A vacation from my vacation.
3/20/11 - 3/30/11
I don't really keep up with current events while I'm on the road. I occasionally check up on the Orioles and Browns, and I somehow became aware of the artist Rebecca Black (slams head against table), but aside from that, I'm pretty oblivious.
One thing I haven't been able to avoid though was the news about the tsunami in Japan. That news was pretty much punching travelers in the face wherever we roamed. A comparatively minuscule aftereffect, however one that affected me directly, was that the South of Thailand had serious flooding.
We are in what is considered the "hot" season here in Thailand. In fact, late March to early April is considered the peak of the hot season. I'm starting to question these labels.
Not unlike when the Bangkok ladyboy threw a plate of noodles at my face, I luckily dodged the full brunt of this storm, however I certainly was affected by it.
I had escaped the insanity of the east coast to try to get some much needed R&R. I hoped to get this at an island called Phi Phi, the island where the blockbuster hit (cough) The Beach was filmed. Unfortunately, I was informed that thousands of other people from the full moon party had the same idea. Reluctant to enter another partying gauntlet, I decided on plan B. I asked around Krabi, the small, quaint town I was relaxing in, and found out about a small island about an hour away called Koh Pu. When I asked other backpackers about it, they had no idea it even existed. Perfect.
Koh Pu was exactly what I needed. They would put me on a boat to another major tourist island called Koh Lanta, however I would not be getting off with the other hoards of travelers. About an hour into the trip, in front of a lush, overcast island, a small batch of long tail boats approached. The boat we were on stopped, and the boat hands shouted in a thick Thai accent "Koh PuuuUU!!!!" About 4 of the 150 or so boat goers would enter the longtail, while the rest watched on wondering what they were missing out on.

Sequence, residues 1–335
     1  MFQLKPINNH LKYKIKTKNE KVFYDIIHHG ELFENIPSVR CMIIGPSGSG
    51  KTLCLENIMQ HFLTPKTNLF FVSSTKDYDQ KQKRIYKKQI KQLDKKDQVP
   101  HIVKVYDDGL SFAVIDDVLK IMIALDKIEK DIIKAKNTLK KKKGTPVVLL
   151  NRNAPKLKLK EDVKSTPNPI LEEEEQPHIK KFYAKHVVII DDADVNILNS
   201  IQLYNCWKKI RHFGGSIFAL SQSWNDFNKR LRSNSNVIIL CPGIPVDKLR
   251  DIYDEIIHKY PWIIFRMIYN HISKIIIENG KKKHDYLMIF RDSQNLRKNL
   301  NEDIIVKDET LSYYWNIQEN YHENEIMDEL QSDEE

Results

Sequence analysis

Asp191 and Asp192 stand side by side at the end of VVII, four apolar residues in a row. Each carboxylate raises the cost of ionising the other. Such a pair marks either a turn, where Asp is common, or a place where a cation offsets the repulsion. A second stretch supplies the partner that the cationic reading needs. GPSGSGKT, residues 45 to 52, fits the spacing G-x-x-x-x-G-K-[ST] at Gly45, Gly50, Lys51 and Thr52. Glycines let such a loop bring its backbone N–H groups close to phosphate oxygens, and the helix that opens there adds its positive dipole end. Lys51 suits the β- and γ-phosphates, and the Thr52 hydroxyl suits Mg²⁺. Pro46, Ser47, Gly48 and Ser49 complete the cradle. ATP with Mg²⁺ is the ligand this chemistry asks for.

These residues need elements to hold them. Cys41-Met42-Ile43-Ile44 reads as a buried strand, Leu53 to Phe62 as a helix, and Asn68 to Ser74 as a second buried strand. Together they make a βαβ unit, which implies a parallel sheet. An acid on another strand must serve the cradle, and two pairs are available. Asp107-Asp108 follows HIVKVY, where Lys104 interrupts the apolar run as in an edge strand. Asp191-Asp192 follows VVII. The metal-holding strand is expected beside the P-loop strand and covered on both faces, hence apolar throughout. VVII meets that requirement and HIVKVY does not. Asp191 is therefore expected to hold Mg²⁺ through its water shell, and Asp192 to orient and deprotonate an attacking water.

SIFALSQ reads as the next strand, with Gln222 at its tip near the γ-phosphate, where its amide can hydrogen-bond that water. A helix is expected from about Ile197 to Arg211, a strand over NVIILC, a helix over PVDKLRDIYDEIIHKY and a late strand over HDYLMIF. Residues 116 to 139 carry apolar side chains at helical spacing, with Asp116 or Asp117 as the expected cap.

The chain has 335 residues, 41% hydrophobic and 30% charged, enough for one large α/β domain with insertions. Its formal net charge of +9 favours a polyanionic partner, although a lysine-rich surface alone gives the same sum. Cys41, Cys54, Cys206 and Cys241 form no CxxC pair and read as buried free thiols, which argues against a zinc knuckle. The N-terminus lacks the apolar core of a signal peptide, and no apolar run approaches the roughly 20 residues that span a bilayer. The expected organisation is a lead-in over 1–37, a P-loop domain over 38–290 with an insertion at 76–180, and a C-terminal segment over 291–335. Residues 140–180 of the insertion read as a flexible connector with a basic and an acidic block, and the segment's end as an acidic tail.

It would rain, hard, every day on Koh Pu. But I didn't care. I wasn't there to party shirtless on the beach, soaking in the rays. I wasn't there to meet countless other travelers. I was there to relax, and get away from everything. If there is one place in the world that this was possible, it was here.
My Porch. I literally spent hours here every day.
Beach again. Note how many people are in these pictures
We only had electricity between 6 pm and 10 pm. The smiling owner of the hostel insisted that after the initial negotiations ($8 a night for my private bungalow), that we not discuss anything about money until it was time for me to go. They had a dog and two cats. The were named Carlos, Purple, and Alfredo, respectively.
While raindrops pummeled my roof, I would pass my time napping, or reading, or listening to music, or eating. Nothing else mattered. Just me, myself, and I for a few passing days. A much needed contrast from the general inundation of backpackers in the previous weeks.
After three nights, rejuvenated, I realized that if I was going to get off of this island I needed to do it soon. The longtail boats at our "hotel" had fallen victim to the barrage of storms, and sunk. Luckily, a hotel in our general proximity still had functional boats, and was willing to get us out. I left behind the smiling family who ran the hostel, waving to me as the longtail navigated the choppy sea. Thailand is known as The Land of Smiles, this wonderful family embodied that sentiment more than anyone else I've met this trip.
After settling back at Krabi, I had a decision to make. I had heard raves of the beauty of Phi Phi, however I was reluctant to go to another beach after 10 straight days of rain. I was convinced to put Phi Phi on hold, and to go back up to Bangkok with a friend I had met previously in Krabi. Fantastic choice, as over the next week or so I would hear stories of how everyone was stranded in the south, even on the major islands. There was no electricity (which also meant no ATMs), or lights, or air conditioning, and people were supposedly quite miserable. Oh, and the Thai military was sent in to evacuate the women and children. Always a good sign. Not that I rejoice in hearing about other people suffer, but the stories certainly validated my decision to head north.
Was the weather ideal in the south? Absolutely not. In fact, it was down right terrible. However the fluidity of my schedule allows me to call an audible when the situation calls for it, and my affinity for relaxation allows me to roll with the weather punches.
I would spend the next 5 nights in Bangkok properly healing a bad cut I had gotten on my foot the night before the full moon party, and with myself fully mobile again, I decided to set out on my next adventure.
Thanks for the memories Thailand, you certainly pushed my party limits, and indulged my need for lazyness when you pushed me too far. I will always look back fondly on my time spent here, but now it is time for a shift. Time for an overdose of temples and some scintillating controlled chaos somewhere less developed. Next stop: Cambodia.